The EU warned China yesterday that it must redouble market reform efforts and its commitment to economic openness or face a protectionist backlash.
"We will only be able to maintain the case for openness in Europe if China shares reciprocal openness and readiness to play by the rules of trade," EU External Affairs Commissioner Benita Ferrero-Waldner and Trade Commissioner Peter Mandelson wrote in the International Herald Tribune.
"If not, we could see in Europe the growing defensiveness and protectionism that is becoming evident in some quarters in the US," they wrote.
The EU's executive arm, the European Commission, is today to set out its new political and trade policy for China, which is to call on Beijing to fully implement its commitments to the WTO if it wants to enjoy balanced trade relations with its No. 1 commercial partner.
Ferrero-Waldner and Mandelson argued that Europe should continue to offer open and fair access to Chinese exports and adjust to the competitive challenge.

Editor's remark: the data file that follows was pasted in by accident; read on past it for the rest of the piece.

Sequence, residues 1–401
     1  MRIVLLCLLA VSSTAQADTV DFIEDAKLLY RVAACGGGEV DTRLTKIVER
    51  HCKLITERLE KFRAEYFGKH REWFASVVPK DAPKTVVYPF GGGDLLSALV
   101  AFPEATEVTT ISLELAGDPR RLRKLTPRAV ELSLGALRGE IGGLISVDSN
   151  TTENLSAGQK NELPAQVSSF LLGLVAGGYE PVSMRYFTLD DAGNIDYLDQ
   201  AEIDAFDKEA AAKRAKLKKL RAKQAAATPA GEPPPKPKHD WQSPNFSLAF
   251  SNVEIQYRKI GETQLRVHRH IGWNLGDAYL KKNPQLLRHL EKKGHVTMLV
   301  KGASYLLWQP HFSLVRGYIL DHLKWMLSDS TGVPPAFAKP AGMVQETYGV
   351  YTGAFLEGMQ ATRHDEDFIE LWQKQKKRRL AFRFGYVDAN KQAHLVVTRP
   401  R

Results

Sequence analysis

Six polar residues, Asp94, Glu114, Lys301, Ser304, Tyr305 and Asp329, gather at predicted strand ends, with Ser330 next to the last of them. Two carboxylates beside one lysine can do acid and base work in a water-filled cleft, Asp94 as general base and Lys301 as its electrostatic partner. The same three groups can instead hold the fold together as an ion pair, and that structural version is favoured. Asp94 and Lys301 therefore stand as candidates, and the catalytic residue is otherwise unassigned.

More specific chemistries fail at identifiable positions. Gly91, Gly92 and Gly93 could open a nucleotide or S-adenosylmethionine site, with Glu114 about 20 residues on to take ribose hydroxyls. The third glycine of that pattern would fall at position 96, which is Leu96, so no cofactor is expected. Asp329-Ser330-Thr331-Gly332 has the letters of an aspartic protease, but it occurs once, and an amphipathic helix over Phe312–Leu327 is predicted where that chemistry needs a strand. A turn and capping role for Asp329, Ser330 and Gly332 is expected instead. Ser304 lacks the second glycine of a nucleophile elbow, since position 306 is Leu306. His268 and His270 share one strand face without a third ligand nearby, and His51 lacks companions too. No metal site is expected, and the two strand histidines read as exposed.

But they called on China to "reinforce these efforts by strengthening its commitment to economic openness and market reform. It should improve legal protection for foreign companies and reject anticompetitive trading practices and policies," they wrote.
The commissioners acknowledged that Europe can't call for free trade without practicing it.
"When we use antidumping measures, they must only be directed against unfair trade, not used to deflect fair competition," they wrote.
They said the commission's new China initiative would signal the responsibilities of both China and Europe, and its first goals would be striking a new comprehensive partnership and cooperation agreement, and the updating of trade and investment agreements.
The 25-member EU is China's leading commercial partner, accounting for 19 percent of Chinese foreign trade. China today is the primary source of imports on the EU market.